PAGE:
Since the world was challenged with COVID-19, the number of buyers unable to complete a property purchase has increased significantly, with some reports saying as many as 1 in 10 new purchases are unable to settle.

According to property expert and market commentator, Anna Porter, this means that we’re seeing more and more buyers enter into a contract, pay their 10% deposit to the vendor and if for any reason they do not complete the purchase and settle; lose that 10% deposit, as a form of compensation to the vendor.

While this was once a rather rare occurrence, COVID-19 has got this on the increase and buyers are taking a hit.

The Suburbanite Principal believes it has highlighted a systemic flaw in our property system, especially in Sydney and Melbourne.

“A $2,000,000 transaction in these two pricey capitals is not uncommon and this can result in deposits of $200,000 being paid to the vendor,” says Porter.

“If the purchaser defaults, the vendor certainly has some expenses such as agent’s fees (possibly twice over), legal fees and other related costs but generally this only takes about half the amount paid,”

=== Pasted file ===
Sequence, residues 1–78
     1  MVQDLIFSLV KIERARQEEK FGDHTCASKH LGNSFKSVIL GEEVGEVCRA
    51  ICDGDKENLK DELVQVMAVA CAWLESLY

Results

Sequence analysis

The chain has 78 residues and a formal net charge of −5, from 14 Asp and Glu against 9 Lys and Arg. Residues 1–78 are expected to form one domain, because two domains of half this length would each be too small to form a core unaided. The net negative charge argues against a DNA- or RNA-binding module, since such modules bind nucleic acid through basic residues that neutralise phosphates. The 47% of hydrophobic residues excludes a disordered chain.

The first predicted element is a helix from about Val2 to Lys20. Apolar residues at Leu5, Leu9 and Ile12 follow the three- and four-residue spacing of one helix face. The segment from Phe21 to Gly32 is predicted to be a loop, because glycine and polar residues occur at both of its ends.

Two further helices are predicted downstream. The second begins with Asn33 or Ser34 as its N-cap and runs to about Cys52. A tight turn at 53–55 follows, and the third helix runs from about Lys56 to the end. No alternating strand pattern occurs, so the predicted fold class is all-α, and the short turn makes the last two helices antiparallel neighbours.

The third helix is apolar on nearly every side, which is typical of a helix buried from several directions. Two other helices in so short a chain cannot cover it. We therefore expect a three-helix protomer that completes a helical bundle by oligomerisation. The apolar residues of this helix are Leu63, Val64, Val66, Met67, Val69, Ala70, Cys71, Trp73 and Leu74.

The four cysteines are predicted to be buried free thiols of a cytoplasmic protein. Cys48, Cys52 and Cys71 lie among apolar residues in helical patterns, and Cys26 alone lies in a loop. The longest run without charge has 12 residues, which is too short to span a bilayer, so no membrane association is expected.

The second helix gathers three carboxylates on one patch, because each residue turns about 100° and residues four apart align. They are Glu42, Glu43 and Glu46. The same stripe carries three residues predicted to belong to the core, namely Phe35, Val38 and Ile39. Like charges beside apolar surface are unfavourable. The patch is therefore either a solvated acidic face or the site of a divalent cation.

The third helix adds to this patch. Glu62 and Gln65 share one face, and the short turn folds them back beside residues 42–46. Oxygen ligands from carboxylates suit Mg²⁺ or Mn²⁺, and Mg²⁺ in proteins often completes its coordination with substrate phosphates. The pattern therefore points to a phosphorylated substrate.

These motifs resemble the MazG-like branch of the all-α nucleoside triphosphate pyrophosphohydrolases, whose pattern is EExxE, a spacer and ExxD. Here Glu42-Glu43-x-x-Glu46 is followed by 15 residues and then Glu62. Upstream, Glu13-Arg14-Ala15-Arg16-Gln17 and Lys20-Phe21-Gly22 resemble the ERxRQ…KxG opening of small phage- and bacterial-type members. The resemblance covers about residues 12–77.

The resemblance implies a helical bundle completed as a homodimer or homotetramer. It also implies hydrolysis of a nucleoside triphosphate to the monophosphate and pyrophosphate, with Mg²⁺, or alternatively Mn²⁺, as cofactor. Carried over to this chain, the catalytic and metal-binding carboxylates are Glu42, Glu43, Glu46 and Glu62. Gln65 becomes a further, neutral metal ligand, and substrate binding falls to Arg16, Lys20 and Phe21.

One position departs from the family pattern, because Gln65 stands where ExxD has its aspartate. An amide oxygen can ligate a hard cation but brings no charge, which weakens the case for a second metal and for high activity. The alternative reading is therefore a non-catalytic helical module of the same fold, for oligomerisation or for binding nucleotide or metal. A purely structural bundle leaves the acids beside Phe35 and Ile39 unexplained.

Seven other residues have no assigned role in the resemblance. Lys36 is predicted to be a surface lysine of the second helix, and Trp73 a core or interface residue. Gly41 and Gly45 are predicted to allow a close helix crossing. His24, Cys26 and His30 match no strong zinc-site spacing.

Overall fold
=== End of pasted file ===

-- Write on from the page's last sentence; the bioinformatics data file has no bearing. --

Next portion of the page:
“So, the balance of about $100,000 is then compensation. If the property sells for less than the first sale this compensation is certainly warranted, but if the vendor resells for the same price, it is like winning a small lottery ticket.”

Anna Porter of Suburbanite feels this needs to be reviewed and brought inline to match the actual loss sustained by the vendor as compensation, and not just be an excessive amount of money if the loss is mitigated.

She explains that in some outlaying situations, the vendor has costs associated with a property they may be purchasing that then could fall over or gets delayed. In this case the 10% may not be enough and the amount needs to reflect the actual loss on both sides.

Porter shares some tips for what a purchaser can do to try and off-set this happening to them;

“Negotiate a smaller deposit and not have a ‘reversion to 10%’ clause in the contract,” she says.

“You’ll want something that is more in line with the actual financial loss. This should be discussed with and drafted by your solicitor or conveyancer,”

“But most importantly, always ensure that your finance is unconditionally approved before you waive any cooling off rights and go into an unconditional contract. This is always a risk with auctions as auction contracts are unconditional at purchase and the buyer just doesn’t get afforded the right to get their finance unconditional prior to this due to how the system works,”

“But the system is flawed, and with COVID-19 making more and more sales fall over due to finance and other issues, this flaw is becoming a gaping crevasse in the system.”

Anna Porter cautions that she never purchases properties for herself at auction as the risk, in her opinion, is too high and she certainly doesn’t buy any for her investors that way unless they are cash buyers.

“As a former property valuer, I have seen too many purchases go wrong and the financial fall out for all involved,” she concludes.